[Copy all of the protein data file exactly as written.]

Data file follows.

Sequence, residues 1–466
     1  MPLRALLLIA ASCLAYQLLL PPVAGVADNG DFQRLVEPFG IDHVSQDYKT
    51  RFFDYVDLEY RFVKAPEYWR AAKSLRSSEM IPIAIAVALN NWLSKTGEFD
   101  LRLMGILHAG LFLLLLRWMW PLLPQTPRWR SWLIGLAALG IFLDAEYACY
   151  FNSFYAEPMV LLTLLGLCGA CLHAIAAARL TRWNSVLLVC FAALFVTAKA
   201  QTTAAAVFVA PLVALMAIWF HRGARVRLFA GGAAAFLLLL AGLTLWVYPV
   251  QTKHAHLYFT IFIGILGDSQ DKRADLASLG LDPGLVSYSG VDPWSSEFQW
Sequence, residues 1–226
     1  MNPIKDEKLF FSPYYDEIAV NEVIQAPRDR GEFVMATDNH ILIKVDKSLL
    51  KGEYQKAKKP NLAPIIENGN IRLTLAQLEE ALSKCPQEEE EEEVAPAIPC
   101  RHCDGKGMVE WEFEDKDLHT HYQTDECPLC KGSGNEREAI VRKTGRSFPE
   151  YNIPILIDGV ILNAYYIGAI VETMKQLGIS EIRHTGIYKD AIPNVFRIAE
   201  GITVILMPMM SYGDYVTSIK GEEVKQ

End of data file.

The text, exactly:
Sequence, residues 1–466
     1  MPLRALLLIA ASCLAYQLLL PPVAGVADNG DFQRLVEPFG IDHVSQDYKT
    51  RFFDYVDLEY RFVKAPEYWR AAKSLRSSEM IPIAIAVALN NWLSKTGEFD
   101  LRLMGILHAG LFLLLLRWMW PLLPQTPRWR SWLIGLAALG IFLDAEYACY
   151  FNSFYAEPMV LLTLLGLCGA CLHAIAAARL TRWNSVLLVC FAALFVTAKA
   201  QTTAAAVFVA PLVALMAIWF HRGARVRLFA GGAAAFLLLL AGLTLWVYPV
   251  QTKHAHLYFT IFIGILGDSQ DKRADLASLG LDPGLVSYSG VDPWSSEFQW
Sequence, residues 1–226
     1  MNPIKDEKLF FSPYYDEIAV NEVIQAPRDR GEFVMATDNH ILIKVDKSLL
    51  KGEYQKAKKP NLAPIIENGN IRLTLAQLEE ALSKCPQEEE EEEVAPAIPC
   101  RHCDGKGMVE WEFEDKDLHT HYQTDECPLC KGSGNEREAI VRKTGRSFPE
   151  YNIPILIDGV ILNAYYIGAI VETMKQLGIS EIRHTGIYKD AIPNVFRIAE
   201  GITVILMPMM SYGDYVTSIK GEEVKQ